(1) The trial court did not err by denying defendant’s motion for post-conviction DNA testing under G.S. 15A-269. Defendant’s motion contained only the following conclusory statement regarding materiality: “The ability to conduct the requested DNA testing is material to defendant[’]s defense...

The court held that trial court was not required to hold an evidentiary hearing on the defendant’s motion, noting:

[A] trial court is not required to conduct an evidentiary hearing where it can determine from the trial record and the information in the motion that the defendant has failed...

The post-conviction DNA testing statute does not require the trial court to make findings of fact when denying a motion. “A trial court’s order is sufficient so long as it states that the court reviewed the defendant’s motion, cites the statutory requirements for granting the motion, and...

(1) The trial court properly denied the defendant’s motion for post-conviction DNA testing. The defendant was convicted of murdering his wife; her body was discovered in a utility shop behind their home. He sought DNA testing of five cigarettes and a beer can that were found in the utility shop...

Where the trial court miscalculated the defendant’s prior record level but where a correction in points would not change the defendant’s sentence, the court treated the error as clerical and remanded for correction. A dissenting judge would have concluded that the error was judicial not clerical...

The court remanded for correction of a clerical error. Specifically, the trial court found at the sentencing hearing that the defendant was a PRL IV offender and ordered him to pay $6,841.50 in attorney’s fees. However, the judgment incorrectly listed him at PRL II and stated that the defendant...

The court remanded for correction of a clerical error where the defendant was convicted of assault with a deadly weapon but the trial court entered judgment for AWDWIK.

The trial court properly denied the defendant’s pro se motion for post-conviction DNA testing where the defendant failed to adequately establish that newer and more accurate tests would identify the perpetrator or contradict prior test results. It reasoned:

...

(1) The court rejected the defendant’s argument that the State had no avenue to obtain review of a trial court order granting his G.S. 15A-1415 MAR (MAR made more than 10 days after entry of judgment) on grounds that his sentence violated the Eighth Amendment. The court found that it had...

The court rejected the defendant’s argument that the State had no avenue to obtain review of a trial court order granting his G.S. 15A-1415 MAR (MAR made more than 10 days after entry of judgment) on grounds that his sentence violated the Eighth Amendment. The court found that it had authority...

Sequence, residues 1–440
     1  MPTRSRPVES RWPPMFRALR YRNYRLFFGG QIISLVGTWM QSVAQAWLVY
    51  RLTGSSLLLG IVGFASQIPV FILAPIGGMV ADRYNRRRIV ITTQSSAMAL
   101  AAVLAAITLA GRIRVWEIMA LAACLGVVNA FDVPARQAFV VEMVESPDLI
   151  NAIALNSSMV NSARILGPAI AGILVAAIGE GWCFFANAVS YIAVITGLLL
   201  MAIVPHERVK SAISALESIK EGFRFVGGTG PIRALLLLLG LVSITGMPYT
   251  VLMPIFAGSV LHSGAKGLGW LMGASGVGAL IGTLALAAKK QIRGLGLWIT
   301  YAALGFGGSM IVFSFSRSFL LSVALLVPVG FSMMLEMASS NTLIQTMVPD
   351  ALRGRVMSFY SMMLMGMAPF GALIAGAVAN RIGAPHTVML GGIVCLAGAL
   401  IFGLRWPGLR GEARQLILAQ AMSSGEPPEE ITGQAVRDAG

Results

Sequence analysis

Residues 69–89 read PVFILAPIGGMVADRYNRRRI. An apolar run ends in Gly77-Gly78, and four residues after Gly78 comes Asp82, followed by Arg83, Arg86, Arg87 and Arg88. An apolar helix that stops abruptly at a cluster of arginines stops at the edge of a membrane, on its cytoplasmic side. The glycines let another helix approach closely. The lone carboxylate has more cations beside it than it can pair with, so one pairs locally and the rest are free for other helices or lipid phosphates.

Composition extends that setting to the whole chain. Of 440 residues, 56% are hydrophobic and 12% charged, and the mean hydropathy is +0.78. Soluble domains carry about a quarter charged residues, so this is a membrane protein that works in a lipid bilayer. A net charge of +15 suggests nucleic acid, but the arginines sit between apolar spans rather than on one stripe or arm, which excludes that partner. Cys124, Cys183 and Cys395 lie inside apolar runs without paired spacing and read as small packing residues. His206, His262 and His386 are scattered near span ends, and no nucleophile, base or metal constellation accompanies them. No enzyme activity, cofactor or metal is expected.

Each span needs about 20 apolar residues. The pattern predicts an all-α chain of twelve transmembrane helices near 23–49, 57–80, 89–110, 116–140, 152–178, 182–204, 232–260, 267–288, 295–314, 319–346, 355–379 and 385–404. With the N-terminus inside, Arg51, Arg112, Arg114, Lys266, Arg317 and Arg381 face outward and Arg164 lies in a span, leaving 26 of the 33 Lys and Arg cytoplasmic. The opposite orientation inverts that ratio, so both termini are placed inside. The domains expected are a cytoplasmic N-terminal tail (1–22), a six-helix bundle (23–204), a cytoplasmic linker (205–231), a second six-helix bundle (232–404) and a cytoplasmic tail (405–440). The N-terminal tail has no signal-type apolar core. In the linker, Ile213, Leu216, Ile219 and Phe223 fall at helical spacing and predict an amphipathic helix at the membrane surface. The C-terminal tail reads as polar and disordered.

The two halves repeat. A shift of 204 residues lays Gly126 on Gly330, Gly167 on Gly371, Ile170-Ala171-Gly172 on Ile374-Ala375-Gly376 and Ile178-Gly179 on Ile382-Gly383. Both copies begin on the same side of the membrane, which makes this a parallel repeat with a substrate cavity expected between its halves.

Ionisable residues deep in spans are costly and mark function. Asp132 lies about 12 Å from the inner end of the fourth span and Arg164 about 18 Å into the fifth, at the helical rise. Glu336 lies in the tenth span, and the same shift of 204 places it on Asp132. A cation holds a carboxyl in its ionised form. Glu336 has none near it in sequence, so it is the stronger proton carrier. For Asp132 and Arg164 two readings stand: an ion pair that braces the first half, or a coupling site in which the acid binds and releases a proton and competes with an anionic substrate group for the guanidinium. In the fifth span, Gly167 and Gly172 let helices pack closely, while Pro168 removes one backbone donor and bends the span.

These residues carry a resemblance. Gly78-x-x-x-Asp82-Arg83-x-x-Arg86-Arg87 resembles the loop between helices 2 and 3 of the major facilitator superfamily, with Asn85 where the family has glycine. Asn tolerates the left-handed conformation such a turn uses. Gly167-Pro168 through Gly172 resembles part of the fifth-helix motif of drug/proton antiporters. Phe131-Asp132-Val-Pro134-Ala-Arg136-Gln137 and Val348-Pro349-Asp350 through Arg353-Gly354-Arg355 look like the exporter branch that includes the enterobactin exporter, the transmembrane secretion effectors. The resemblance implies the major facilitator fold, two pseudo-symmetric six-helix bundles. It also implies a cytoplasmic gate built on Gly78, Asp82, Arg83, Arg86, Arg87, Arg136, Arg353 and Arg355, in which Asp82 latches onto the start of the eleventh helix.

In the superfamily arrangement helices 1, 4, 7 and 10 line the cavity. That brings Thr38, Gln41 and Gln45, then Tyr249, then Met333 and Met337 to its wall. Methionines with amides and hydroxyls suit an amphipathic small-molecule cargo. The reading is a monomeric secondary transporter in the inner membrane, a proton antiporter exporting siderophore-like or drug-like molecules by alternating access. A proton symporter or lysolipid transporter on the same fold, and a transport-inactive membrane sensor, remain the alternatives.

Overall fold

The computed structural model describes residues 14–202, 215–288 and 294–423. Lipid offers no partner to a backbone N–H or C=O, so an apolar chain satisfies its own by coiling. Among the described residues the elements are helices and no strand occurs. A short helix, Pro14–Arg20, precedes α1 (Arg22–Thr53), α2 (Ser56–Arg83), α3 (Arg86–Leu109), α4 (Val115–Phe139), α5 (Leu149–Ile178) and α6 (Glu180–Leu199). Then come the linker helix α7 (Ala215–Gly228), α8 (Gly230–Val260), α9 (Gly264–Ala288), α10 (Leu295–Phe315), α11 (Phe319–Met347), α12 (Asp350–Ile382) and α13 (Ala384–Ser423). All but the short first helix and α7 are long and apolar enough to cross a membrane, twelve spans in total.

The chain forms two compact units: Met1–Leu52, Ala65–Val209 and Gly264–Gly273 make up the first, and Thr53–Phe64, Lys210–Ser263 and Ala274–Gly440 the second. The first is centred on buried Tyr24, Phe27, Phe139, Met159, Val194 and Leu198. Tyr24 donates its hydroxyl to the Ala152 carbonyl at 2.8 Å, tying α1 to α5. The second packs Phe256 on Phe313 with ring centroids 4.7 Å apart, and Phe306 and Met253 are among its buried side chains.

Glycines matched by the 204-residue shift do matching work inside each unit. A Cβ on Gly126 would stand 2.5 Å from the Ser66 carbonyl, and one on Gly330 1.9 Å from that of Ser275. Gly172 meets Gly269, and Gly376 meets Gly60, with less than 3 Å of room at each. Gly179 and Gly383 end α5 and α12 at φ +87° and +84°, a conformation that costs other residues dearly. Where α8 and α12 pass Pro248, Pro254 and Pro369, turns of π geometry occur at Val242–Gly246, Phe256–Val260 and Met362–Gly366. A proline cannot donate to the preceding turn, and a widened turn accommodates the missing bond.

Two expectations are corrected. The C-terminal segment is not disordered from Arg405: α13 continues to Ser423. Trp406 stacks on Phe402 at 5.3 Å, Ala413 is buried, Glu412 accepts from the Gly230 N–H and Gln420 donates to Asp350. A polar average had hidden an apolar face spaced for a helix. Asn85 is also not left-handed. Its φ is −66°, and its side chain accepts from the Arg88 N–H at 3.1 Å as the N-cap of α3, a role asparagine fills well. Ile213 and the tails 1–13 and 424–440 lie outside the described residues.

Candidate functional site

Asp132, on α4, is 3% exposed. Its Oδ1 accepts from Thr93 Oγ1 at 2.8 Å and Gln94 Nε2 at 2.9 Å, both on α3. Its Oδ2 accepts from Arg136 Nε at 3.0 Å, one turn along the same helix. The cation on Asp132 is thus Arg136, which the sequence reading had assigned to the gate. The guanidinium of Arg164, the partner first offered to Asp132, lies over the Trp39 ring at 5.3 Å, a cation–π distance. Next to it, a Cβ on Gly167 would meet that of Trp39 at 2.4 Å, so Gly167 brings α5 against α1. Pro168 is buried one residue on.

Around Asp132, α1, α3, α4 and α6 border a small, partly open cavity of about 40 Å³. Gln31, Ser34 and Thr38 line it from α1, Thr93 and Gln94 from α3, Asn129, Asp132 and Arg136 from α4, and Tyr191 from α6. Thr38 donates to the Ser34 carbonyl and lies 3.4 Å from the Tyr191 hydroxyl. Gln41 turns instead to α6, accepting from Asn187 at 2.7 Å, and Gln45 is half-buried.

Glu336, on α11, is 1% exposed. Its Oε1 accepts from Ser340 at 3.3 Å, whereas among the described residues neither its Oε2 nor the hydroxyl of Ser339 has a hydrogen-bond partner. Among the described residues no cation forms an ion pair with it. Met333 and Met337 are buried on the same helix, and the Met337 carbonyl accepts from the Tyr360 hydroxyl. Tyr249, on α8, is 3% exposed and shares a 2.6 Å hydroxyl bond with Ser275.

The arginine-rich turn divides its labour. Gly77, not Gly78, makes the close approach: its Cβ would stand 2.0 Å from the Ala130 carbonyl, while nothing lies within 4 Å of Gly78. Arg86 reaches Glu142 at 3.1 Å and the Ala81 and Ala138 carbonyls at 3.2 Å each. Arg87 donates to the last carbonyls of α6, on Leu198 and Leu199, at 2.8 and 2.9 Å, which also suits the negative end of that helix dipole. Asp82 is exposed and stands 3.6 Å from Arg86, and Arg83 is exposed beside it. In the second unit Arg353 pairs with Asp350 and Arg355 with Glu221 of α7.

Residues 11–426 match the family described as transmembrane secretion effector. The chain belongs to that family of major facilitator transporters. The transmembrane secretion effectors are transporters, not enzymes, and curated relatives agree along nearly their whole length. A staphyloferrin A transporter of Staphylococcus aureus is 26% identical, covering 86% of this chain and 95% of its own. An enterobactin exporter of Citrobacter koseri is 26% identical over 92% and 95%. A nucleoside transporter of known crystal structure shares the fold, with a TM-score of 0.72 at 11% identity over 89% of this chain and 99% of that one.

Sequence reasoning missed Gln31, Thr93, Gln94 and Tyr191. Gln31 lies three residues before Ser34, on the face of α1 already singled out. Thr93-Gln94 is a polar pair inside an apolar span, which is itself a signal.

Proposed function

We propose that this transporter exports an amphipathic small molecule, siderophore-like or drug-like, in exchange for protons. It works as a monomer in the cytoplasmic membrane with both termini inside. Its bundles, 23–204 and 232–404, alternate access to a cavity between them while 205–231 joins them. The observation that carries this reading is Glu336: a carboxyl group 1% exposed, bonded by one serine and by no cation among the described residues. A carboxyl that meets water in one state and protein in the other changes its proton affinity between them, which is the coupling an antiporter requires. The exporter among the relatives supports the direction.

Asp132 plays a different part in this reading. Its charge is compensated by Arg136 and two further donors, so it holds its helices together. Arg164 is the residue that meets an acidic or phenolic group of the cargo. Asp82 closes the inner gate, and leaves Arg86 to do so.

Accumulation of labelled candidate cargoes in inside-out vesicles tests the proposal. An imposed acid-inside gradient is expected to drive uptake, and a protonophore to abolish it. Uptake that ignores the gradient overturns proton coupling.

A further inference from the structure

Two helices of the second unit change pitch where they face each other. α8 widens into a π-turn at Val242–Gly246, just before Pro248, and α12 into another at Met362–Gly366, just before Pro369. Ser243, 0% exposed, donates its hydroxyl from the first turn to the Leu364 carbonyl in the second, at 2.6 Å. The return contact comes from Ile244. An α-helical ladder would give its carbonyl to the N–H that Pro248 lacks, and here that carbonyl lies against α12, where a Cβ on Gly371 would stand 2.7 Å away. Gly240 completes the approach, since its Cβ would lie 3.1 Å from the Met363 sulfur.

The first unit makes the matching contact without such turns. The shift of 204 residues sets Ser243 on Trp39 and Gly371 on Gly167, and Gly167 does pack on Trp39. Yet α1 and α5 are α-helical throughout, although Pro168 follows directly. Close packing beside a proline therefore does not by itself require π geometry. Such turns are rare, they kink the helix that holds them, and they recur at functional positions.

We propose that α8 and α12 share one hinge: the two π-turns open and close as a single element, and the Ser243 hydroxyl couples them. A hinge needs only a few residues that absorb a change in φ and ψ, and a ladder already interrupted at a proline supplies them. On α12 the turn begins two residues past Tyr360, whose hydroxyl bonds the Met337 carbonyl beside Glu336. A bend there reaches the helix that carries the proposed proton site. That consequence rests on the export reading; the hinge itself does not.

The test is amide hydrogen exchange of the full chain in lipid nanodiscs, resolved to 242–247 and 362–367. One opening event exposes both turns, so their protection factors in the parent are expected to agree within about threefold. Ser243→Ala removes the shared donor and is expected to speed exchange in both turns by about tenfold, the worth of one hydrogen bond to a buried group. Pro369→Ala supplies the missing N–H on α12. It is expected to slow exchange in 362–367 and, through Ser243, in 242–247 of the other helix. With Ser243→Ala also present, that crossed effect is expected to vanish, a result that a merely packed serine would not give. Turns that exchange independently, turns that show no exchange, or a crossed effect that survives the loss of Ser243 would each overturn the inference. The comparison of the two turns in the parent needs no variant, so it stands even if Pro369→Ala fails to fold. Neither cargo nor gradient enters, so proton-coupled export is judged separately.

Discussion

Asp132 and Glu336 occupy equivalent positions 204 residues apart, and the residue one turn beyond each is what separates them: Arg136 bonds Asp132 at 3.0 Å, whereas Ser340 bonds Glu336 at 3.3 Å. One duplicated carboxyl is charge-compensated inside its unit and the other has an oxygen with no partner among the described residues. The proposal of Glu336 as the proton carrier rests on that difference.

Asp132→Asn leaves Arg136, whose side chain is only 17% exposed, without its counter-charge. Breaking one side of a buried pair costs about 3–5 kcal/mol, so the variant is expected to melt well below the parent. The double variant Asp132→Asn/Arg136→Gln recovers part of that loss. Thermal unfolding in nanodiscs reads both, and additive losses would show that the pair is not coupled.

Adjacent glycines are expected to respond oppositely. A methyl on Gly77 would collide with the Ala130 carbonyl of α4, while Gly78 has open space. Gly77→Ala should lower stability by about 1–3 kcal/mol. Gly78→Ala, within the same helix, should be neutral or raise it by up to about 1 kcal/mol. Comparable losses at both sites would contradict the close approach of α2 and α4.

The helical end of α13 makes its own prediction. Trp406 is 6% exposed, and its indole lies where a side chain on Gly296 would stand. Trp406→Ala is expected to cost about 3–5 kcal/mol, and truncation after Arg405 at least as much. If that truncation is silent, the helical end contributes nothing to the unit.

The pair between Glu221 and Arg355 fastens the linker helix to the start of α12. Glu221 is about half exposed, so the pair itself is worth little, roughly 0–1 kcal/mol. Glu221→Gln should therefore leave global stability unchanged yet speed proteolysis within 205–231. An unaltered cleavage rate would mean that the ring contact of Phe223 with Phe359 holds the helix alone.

(1) The court rejected the defendant’s argument that the State had no avenue to obtain review of a trial court order granting his G.S. 15A-1415 MAR (MAR made more than 10 days after entry of judgment) on grounds that his sentence violated the Eighth Amendment. The court found that it had...

State v. Stubbs, 232 N.C. App. 274 (Feb. 4, 2014) aff'd on other grounds, 368 N.C. 40 (Apr 10 2015)

The trial court erred by concluding that the defendant’s 1973 sentence of life in prison with the possibility of parole on a conviction of second-degree burglary, committed when he was 17 years old, violated the Eighth Amendment. The defendant brought a MAR challenging his sentence as...

State v. Stubbs, 232 N.C. App. 274 (Feb. 4, 2014) aff'd on other grounds, 368 N.C. 40 (Apr 10 2015)

The trial court erred by concluding that the defendant’s 1973 sentence of life in prison with the possibility of parole on a conviction of second-degree burglary, committed when he was 17 years old, violated the Eighth Amendment. The defendant brought a MAR challenging his sentence as...

In a case where the trial court initially sentenced the defendant correctly but then erroneously thought it had used the wrong sentencing grid and re-sentenced the defendant to a lighter sentence using the wrong grid, the court remanded for imposition of the initial correct but more severe...

The trial court did not err by rejecting the defendant’s G.S. 15A-1414 MAR without an evidentiary hearing. 

G.S. 15A-1335 did not apply when on retrial the trial court sentenced the defendant for a different, more serious offense.

Declining to address whether State v. Garris, 191 N.C. App. 276 (2008), applied retroactively, the court held that the defendant’s MAR was subject to denial because the Garris does not constitute a significant change in the substantive or procedural law as required by G.S. 15A-...

At the MAR hearing, the trial court properly excluded the State’s expert witness, who did not testify at the original trial. The court viewed the State’s position as “trying to collaterally establish that the jury would have reached the same verdict based on evidence not introduced at trial.” It...